The Forum Hoard and Beyond: Money, Gift, and Religion in the Early Middle Ages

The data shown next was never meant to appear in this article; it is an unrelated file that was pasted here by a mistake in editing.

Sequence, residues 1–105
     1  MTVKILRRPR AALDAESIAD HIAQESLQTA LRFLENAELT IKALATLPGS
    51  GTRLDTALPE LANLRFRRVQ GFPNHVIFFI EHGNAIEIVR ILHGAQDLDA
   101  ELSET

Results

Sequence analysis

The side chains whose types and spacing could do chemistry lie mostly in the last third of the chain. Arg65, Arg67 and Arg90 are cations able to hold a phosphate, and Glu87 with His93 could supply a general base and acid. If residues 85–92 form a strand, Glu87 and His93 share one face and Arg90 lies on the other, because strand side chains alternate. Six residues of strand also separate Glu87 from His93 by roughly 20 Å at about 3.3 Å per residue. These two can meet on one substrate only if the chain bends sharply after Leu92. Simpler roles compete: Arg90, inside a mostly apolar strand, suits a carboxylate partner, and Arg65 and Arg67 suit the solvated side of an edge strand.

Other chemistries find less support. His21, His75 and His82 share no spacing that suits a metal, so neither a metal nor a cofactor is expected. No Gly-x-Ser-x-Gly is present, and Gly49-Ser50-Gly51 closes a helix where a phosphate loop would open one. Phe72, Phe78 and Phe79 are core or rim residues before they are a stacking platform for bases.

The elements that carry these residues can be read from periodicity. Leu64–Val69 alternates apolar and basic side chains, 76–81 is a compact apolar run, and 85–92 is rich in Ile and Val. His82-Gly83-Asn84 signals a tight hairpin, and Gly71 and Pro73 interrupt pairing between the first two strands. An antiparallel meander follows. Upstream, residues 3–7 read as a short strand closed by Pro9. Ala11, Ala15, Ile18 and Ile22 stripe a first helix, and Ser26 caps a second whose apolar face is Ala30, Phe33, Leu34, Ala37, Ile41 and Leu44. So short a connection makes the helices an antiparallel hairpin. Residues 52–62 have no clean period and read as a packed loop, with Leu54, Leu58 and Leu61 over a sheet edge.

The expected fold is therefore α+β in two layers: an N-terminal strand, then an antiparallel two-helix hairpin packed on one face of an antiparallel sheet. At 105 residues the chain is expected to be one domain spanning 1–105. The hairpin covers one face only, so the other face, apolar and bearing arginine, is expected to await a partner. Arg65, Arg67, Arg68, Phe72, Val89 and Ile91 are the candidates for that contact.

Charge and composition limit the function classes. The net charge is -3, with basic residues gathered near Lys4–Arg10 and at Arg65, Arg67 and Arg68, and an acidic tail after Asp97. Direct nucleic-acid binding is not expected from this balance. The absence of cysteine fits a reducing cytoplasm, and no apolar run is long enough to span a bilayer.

The law-code known as ‘IV Æthelred’ has been identified since the mid-nineteenth century as a text concerned with tolls, trading and currency in London, dated to around the year 1000. This contribution argues that ‘IV Æthelred’ may have had little if anything to do with Æthelred II (978–1016). By re-evaluating the law-code’s transmission, contents and date, it is proposed that the text consists of two distinct segments, probably put together around 1100 and surviving only in Latin translation. One part is a series of tenth-century decrees on currency crimes, and represents the most detailed statement on this topic to survive from Anglo-Saxon England. The other relates more specifically to London, laying out the tolls incurred by merchants coming to the city from across northern Europe. Frequent use of French terminology marks this portion of the text out, and suggests a date in the aftermath of the Norman Conquest.